That is what is so exciting about charter schools like Mundo Verde (and magnet schools throughout the country): by virtue of location and an enticing academic program, they have been able to attract a broad cross-section of students. The bilingual program, in particular, vividly illustrates how diversity helps everyone. Spanish-speaking students help English speakers learn Spanish and vice versa. Students from different backgrounds become a resource for one another.

But Chaltain notes that choice, by itself, will not promote equity, citing Michael Sandel’s research on “the moral limits of markets.” Integration often slips away, Chaltain says, and Mundo Verde’s founder worried that “there was no way to guarantee that new families would maintain a healthy mix between English and Spanish speakers.” Weighted lotteries to promote integration could help, but in D.C. that was not permitted.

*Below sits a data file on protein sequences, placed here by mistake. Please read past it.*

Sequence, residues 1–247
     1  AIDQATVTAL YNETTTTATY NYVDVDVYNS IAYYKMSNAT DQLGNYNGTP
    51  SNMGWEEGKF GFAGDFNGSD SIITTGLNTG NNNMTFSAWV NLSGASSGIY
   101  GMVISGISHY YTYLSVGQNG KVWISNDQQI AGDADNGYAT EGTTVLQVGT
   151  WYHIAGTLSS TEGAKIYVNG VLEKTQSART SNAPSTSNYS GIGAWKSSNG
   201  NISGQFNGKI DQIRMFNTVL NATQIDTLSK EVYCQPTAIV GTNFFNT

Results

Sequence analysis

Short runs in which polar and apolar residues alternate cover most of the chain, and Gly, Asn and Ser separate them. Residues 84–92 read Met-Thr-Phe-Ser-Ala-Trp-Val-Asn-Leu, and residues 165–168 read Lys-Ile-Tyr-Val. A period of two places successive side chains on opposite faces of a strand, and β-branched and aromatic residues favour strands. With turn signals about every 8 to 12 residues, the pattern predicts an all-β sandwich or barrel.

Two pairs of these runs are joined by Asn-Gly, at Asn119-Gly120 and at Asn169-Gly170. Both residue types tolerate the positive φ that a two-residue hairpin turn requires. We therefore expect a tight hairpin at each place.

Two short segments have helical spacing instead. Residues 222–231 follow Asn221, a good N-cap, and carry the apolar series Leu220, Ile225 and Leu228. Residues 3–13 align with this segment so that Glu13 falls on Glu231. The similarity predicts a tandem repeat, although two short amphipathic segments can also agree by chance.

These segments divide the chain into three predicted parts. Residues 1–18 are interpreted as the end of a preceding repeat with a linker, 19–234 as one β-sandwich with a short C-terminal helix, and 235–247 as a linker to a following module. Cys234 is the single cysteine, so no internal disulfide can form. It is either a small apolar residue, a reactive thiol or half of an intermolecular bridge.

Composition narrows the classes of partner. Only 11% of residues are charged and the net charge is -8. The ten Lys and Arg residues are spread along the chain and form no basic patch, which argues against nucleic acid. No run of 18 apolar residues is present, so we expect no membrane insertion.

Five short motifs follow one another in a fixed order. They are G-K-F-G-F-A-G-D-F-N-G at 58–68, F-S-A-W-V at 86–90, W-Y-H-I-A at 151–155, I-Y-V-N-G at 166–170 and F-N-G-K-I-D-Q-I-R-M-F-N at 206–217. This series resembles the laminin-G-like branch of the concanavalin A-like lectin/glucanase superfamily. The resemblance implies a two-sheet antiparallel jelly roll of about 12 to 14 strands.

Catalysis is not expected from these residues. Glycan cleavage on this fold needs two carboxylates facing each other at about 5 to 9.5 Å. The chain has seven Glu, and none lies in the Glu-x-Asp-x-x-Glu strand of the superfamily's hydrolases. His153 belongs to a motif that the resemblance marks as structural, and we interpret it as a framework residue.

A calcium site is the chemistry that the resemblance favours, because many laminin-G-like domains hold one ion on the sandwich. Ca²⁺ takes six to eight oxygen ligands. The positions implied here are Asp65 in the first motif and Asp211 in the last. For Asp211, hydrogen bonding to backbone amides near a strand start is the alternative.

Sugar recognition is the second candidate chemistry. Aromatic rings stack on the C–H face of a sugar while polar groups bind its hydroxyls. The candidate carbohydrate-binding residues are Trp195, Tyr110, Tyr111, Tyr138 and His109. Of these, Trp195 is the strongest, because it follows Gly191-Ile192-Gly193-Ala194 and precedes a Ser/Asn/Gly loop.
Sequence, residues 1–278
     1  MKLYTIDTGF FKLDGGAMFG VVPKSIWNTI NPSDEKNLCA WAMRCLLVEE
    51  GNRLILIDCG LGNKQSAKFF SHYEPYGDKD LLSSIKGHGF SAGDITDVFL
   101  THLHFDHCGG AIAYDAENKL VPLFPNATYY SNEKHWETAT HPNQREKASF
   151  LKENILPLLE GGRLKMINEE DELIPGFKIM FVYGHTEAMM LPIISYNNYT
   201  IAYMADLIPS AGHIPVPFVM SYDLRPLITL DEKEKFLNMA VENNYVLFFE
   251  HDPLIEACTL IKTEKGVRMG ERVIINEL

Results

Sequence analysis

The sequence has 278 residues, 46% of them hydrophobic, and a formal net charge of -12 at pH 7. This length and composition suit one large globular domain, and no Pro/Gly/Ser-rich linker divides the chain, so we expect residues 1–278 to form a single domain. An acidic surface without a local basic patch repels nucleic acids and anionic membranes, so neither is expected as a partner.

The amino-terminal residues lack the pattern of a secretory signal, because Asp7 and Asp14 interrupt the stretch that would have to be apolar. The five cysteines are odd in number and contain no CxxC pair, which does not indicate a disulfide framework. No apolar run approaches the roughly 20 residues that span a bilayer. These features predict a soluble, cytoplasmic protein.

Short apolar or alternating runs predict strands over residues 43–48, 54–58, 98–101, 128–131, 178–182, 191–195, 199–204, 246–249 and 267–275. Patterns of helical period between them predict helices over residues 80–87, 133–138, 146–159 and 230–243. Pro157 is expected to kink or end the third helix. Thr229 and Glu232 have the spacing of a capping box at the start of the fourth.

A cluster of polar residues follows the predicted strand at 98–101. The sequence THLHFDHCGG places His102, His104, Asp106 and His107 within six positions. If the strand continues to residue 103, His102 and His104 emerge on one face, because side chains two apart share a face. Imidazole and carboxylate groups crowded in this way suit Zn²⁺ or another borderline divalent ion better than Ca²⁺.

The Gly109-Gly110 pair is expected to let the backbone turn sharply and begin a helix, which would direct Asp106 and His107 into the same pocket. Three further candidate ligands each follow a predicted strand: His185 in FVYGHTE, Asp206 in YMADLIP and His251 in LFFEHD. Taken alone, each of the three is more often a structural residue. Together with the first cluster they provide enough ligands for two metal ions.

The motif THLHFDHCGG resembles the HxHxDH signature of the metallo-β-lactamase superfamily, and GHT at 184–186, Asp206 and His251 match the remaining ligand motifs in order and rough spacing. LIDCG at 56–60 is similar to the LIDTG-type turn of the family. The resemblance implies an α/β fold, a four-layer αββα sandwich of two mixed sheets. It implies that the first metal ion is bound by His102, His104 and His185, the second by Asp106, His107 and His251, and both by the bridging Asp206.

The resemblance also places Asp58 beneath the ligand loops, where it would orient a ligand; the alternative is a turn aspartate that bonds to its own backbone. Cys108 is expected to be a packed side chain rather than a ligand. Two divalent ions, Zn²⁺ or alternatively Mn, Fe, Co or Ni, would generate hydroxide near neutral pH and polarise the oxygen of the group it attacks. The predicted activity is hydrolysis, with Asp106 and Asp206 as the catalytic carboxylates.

Some people worry that public school choice can destroy a sense of community as neighborhood children head off to different schools and make different sets of friends. But at their best, if choice programs are designed to support integration, they can create new school communities that transcend the race and class divisions that define so many of our neighborhoods. Chaltain suggests that, in fact, this is a big part of what public schools in America are designed to do—move us beyond segregation to a place where students can celebrate diversity and learn what they have in common as Americans.

This democratic message of integrated schools—that we are all social equals—can be reinforced if school administrators treat their teachers well, as professionals who can contribute to the strength of a school, rather than as factory workers who must be closely supervised. As Chaltain notes, giving teachers and parents and students a say in school affairs can “model democratic principles, practices and policies”—preparing students to be self-governing citizens, which is, after all, the primary rationale for public education in the first place.

Our ideas can save democracy... But we need your help! Donate Now!

Richard D. Kahlenberg

Richard D. Kahlenberg is an education and housing policy consultant. He is the author or editor of 17 books, including The Remedy: Class, Race, and Affirmative Action, and Broken Contract: A Memoir of Harvard Law School.